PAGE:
Could Alec Bohm be a future NL MVP? A notable teammate thinks so originally appeared on NBC Sports Philadelphia
As baseball's offseason takes shape, we will take a look at each player on the Phillies 2020 roster and where they fit in the future. We'll go through the roster by uniform number, lowest to highest for position players, highest to lowest for pitchers, and alternate daily.
Today: Third baseman Alec Bohm
Bohm's career is really just getting started. He made a quick trip through the Phillies’ minor-league system and arrived in the majors on August 13, just 11 days before his 24th birthday. Right from the beginning, it looked like he belonged. The story of his career is yet to be written, but the first chapter looks pretty good. The National League Rookie of the Year award will be announced on November 9 and Bohm could finish in the Top 3 of the voting.
How he became a Phillie
Bohm was undrafted out of his Omaha, Nebraska high school. He played three seasons at Wichita State, improved each year and blossomed into one of the best hitters in the country. He impressed Phillies scouts with his power, selectivity and ability to hit for average, and the team selected him with the third overall pick in the 2018 draft.
Bohm was a bright spot in what ended up as a disappointing season for the club. In 44 games, he hit .338 with a .400 on-base percentage, four homers and 23 RBIs, the most by any NL rookie. He impressed with his ability to hit to all fields, remain selective and stay true to a line-drive approach.
The funny thing about Bohm’s excellent showing in the majors this season is it might not have happened if Scott Kingery, who had battled COVID-19 over the summer, hadn’t struggled at the plate. In mid-August, the Phils went looking for more offense. They moved Kingery into a utility role and shifted Jean Segura to second base. That opened up third base for Bohm.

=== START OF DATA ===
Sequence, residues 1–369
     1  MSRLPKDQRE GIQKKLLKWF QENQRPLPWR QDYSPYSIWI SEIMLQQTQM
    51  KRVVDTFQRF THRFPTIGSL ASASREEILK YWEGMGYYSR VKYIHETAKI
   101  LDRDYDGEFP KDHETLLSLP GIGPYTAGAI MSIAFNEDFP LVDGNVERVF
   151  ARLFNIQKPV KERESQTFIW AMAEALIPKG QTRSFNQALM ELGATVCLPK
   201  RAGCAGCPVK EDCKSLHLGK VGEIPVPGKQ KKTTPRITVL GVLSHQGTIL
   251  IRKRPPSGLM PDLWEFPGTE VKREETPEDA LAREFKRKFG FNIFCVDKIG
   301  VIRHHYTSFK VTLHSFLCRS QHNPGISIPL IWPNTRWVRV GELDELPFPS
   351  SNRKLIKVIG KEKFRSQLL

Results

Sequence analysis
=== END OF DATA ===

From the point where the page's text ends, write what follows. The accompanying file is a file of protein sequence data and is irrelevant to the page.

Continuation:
In September, as J.T. Realmuto and Bryce Harper leveled off and were hampered by injuries, Bohm stepped up and moved to the middle of the batting order. He had the fifth-best batting average (.367), second-most hits (40) and 10th-best on-base percentage (.421) among all big-leaguers in September.
Bohm’s defense at third base was a source of debate when he was in the minor leagues. His backers swore he could handle the position long term. Others had concerns and believed he’d one day end up at first base. Bohm had a couple of rough games at third base — his lanky, 6-5 frame makes it tough to charge balls and deliver a quick throw to first base — but he showed some mental toughness in bouncing back quickly. It’s way too early to say Bohm can’t be a solid third baseman and the idea of moving him to first will be back-burnered as long as Rhys Hoskins hits.
What lies ahead
Bohm will come into spring training as the team’s starting third baseman and a major building block for the future. We’ll let Harper handle the rest:
“The bigger he gets and the better he gets, he’s going to be a possible MVP for us,” Harper said of Bohm.
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